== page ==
“Pharmacological studies confirm the high activity of triprolidine and the superiority of (E) over corresponding (Z) isomers as H, antagonist” ( Ref: – – – from “Wilson and Gisvold’s Textbook of organic medicinal and pharmaceutical chemistry, 2010”). “Triprolidine is 2-[(E)-1-(4-methylphenyl)-3-pyrrolidin-1-ylprop-1-enyl]pyridine”, the IUPAC name.
To understand the above statements one need to be familiar with the “cis-trans and E-/Z- nomenclature. How to translate the name to structure and vice versa? This blog is basically to discuss the “cis-trans and E-/Z- notations employed while naming organic molecules and enable to appreciate the nomenclature system with live examples from pharmaceuticals.
When two atoms are connected by a single bond the barrier to free rotation about this bond is quite small. On the contrary, when two atoms are linked by multiple bonds then the barrier to rotation is much higher and where such compounds exist in two forms the passage from one to the other requires so much energy that each isomer has a stable and independent existence. In other words, free rotation cannot happen across a carbon to carbon double bond without disruption of the bond. Cis-trans isomers do not rotate plane polarized light (unless they also contain a stereogenic center) and hence are not chiral. Other structural attribute that can offer barrier to rotation are cyclic and allene systems. The post focuses on the double bonded carbon-carbon and carbon-heteroatom systems.
Cis-trans Isomerism due to Double bonded carbon-carbon systems
The term cis-trans isomerism indicates the type of diastereomer that occurs as a result of restricted rotation around a bond, as in olefinic compounds. This is sometimes also referred to as π-diastereoisomerism. This term is more useful than the usual designations of cis-trans or geometrical isomerism since it conveys the chemical origin and the correct description of the stereoisomerism. It also avoids any confusion with cis-trans isomerism in cyclic systems where no double bond is involved.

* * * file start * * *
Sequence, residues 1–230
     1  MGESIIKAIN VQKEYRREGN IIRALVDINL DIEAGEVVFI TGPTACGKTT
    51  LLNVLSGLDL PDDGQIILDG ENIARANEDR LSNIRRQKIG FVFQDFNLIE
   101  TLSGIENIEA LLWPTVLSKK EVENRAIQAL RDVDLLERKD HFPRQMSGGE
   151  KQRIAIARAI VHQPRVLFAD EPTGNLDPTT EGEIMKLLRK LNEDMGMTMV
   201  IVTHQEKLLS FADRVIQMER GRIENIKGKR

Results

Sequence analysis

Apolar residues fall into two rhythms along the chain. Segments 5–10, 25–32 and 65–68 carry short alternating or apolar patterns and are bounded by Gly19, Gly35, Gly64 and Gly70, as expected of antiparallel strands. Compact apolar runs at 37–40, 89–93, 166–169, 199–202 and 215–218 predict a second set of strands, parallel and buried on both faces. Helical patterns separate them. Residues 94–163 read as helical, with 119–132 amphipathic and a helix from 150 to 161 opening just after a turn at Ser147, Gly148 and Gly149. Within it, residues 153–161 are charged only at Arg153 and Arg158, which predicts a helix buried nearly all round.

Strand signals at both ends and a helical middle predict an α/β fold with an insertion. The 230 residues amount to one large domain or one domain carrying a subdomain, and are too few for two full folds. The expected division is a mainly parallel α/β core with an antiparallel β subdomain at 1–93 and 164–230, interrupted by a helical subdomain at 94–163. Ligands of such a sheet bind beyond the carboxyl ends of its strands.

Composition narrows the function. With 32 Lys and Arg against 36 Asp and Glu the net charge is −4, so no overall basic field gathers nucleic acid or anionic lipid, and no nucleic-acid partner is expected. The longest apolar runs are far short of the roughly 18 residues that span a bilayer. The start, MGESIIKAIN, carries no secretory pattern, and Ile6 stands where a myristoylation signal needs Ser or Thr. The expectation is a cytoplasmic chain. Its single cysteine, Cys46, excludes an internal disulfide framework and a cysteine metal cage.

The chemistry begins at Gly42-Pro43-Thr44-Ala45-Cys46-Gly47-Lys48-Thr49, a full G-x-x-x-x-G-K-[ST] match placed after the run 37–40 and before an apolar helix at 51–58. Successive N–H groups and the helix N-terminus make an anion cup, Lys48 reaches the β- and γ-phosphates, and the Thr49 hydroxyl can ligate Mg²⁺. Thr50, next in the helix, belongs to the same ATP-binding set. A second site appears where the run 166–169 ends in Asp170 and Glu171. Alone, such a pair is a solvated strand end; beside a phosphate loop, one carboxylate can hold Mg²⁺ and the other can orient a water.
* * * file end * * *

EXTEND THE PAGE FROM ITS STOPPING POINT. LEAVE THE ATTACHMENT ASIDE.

Nomenclature across double bonds
Diastereoisomerism about double bond is more common and are usually designated as cis-trans isomerism. If the alkene is designated as abC=Ccd then it will exist in two forms when a ≠ b and c ≠ d. Note that (I) and (II) are diastereomers. There are two ways to name such isomers. In the older system, one isomer is called cis- and the other trans-. In (I) and (II) when a = c, results in the cis- isomer (III) and the trans– isomer (IV) respectively.
In (I)/(II), if either a=b or c=d, the molecule will not exhibit geometric isomerism. In (V), you find a = b and hence will not exhibit cis-trans isomerism.
Let us take the case of 1,2-dichloroethene to illustrate the above notations. In (VI), the two chlorine atoms are locked on the same side of the double bond. This is known as the cis isomer. (cis: from latin meaning “on this side”). In (VII), the two chlorine atoms are locked on opposite sides of the double bond. This is known as the trans isomer. (trans: from latin meaning “across” – as in transatlantic).
E-Z notation: when cis-trans notation cannot be used